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Yes, you can determine the age of cattle by checking their teeth

By Dr Othieno Joseph | August 27th 2016 at 13:27:17 GMT +0300

Teeth in animals are tools for getting hold (prehension), grinding or chewing food. Animals also use their teeth together with the tongue to groom their bodies.

In some cases, animal teeth are used in defence. But to a farmer, teeth can also be used in telling the age of his stock. Due to their importance in feeding, dental problems easily cause trouble to virtually all body systems, making them a stopover point when doing disease diagnosis.

Livestock ageing is of key importance when selecting a breeding stock, as it indicates how profitable the animal will be based on the productive years ahead. In the market place, sellers will use all means to reduce the age of an animal with the aim of fetching a better price.

Typically, mammals will have at most four types of specialised teeth, namely the incisors, canines, premolars and molars in that order moving backwards in the oral cavity or mouth. Another classification of teeth puts them into temporary (milk or baby teeth) and permanent sets of teeth.

Milk teeth are the first set a young animal has. As the animal grows, the jaw expands and its diet and food demand changes, necessitating a stronger and sometimes more teeth. As such the milk teeth will give way to the permanent teeth.

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Feeding system

How they are arranged, time of eruption and when the milk teeth give way to permanent ones differ from species to species.

Dentition or how teeth are arranged in ruminants is unique to their feeding system. The dental pad – that toothless hard part of the upper front jaw is unique to cattle, sheep and goats; all ruminants don’t have canine teeth. On the lower jaw front is a set of incisor teeth, eight in number.

The incisors are arranged in four pairs on the front left and right sides of the jaw. The first pair is called the central incisors (pinchers), the second and third pairs are called second and third intermediate incisors and the last pair is called the corner teeth. After the corner incisors there is a gap called diastema, followed by premolars and molars.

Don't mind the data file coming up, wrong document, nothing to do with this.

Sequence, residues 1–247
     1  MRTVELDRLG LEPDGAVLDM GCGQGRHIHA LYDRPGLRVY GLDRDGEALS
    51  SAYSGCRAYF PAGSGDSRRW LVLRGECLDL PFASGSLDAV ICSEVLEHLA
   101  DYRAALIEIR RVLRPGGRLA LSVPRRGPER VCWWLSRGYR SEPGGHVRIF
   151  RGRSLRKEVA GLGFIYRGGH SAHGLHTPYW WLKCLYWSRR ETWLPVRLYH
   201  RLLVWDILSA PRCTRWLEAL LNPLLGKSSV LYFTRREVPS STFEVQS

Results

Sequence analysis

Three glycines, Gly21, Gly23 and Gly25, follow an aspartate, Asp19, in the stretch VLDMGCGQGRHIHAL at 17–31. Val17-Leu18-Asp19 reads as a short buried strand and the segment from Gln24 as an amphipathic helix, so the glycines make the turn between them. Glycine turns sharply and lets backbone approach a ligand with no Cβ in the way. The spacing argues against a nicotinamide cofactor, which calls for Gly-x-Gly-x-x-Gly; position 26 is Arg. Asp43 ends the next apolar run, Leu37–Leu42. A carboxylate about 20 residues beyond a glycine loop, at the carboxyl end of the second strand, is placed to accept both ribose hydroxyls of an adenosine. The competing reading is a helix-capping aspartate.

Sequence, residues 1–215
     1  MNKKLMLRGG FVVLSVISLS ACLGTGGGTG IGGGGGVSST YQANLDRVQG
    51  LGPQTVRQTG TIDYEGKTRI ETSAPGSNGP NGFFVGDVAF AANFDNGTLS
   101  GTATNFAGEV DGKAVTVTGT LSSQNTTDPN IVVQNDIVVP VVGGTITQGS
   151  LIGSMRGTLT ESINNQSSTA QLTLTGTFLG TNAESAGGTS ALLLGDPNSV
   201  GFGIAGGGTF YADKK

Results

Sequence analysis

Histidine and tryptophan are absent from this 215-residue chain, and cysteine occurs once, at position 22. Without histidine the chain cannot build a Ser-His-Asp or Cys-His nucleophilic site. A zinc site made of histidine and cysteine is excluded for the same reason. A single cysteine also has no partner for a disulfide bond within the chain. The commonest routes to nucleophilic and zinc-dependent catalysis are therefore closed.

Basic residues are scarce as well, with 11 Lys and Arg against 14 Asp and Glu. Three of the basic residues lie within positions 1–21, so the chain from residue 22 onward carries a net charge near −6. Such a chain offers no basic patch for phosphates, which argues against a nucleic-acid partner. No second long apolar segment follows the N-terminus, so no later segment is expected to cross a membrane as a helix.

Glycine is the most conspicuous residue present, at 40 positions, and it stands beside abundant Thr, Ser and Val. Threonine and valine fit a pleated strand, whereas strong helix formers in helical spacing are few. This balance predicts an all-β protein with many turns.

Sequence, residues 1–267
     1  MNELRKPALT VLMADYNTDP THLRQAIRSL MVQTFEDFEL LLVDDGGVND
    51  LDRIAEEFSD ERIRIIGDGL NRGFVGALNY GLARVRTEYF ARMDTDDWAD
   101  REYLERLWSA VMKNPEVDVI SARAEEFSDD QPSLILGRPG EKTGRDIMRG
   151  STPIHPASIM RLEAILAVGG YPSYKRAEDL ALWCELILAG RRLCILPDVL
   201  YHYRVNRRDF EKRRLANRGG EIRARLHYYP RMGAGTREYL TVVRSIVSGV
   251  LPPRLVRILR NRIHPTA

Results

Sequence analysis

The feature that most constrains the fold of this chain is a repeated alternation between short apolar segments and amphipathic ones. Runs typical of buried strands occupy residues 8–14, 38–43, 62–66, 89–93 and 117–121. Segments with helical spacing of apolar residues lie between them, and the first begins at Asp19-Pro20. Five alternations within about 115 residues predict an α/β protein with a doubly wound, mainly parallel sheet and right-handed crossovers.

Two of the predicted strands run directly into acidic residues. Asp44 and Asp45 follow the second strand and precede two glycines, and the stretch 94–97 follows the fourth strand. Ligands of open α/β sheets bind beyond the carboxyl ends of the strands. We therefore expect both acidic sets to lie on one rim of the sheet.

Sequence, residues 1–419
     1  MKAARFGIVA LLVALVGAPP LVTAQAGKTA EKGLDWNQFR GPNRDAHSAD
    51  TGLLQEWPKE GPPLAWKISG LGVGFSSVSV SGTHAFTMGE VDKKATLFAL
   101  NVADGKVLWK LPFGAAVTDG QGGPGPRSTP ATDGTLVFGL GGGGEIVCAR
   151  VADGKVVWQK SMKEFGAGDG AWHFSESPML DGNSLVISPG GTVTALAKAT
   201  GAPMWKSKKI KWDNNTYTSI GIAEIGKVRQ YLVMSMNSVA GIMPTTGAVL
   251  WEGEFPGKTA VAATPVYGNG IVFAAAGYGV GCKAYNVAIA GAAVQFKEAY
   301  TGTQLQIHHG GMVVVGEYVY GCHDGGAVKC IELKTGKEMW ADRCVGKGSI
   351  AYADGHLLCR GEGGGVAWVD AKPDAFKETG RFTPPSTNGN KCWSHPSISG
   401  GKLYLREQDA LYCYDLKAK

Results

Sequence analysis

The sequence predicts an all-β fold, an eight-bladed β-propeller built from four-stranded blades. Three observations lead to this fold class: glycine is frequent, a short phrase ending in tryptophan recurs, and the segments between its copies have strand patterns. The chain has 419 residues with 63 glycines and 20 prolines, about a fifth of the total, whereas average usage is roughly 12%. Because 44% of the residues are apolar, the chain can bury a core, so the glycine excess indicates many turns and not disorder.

Incisors are used in ageing ruminants; the logic behind their use is based on eruption, periods, colour and wear as the animal grazes. The replacement of milk teeth with permanent teeth is sequential.

Calves are born with two central incisors on each half of the jaw, the rest erupt as the calf advances in age. By the time the calf is five to six months, all pairs of incisors will have erupted, making a total of eight milk teeth. Calves will have 20 teeth while mature cattle will have 32 teeth.

Because pastures are their major feed, they exert a lot of pressure on teeth and with time the teeth wear out, became shorter, loose and eventually drop off.

These milk teeth are whiter and smaller, with a neck that is not distinct. Permanent teeth on the other hand are broader and will have a distinct neck as the animal ages.

Although it takes a lot of practical experience, this is a skill every serious farmer should take time to master. So here is how you will use the following anatomical features to approximate the age of cattle:

At about 10 to 15 months the central and lateral milk teeth will show signs of wear. At one and half years all the milk teeth will have their upper surfaces flattened.

At two years the two central temporary are replaced by permanent teeth. At three years two intermediate incisors are replaced by permanent teeth.

At four years the corner incisors are replaced, and at this time the calf has all permanent teeth. At five to seven years the incisors will start having clear signs of wear on the upper biting surface on the central and first intermediate pairs of incisor teeth.

At eight to nine years the second intermediate pair of incisors wear out. An animal with worn-out corner incisor is aged approximately 11 and will soon be out of the reproductive cycle.

This method of ageing animals should be used alongside the farm records. Taking into consideration the texture of the feeds; hard fibrous feeds like in range lands may result in more wearing of teeth.

 (Dr Othieno is a veterinary surgeon working with the Kenya Tsetse and Trypanosomiasis Eradication Council (KENTTEC) 

livestock farming cattle farming animal health
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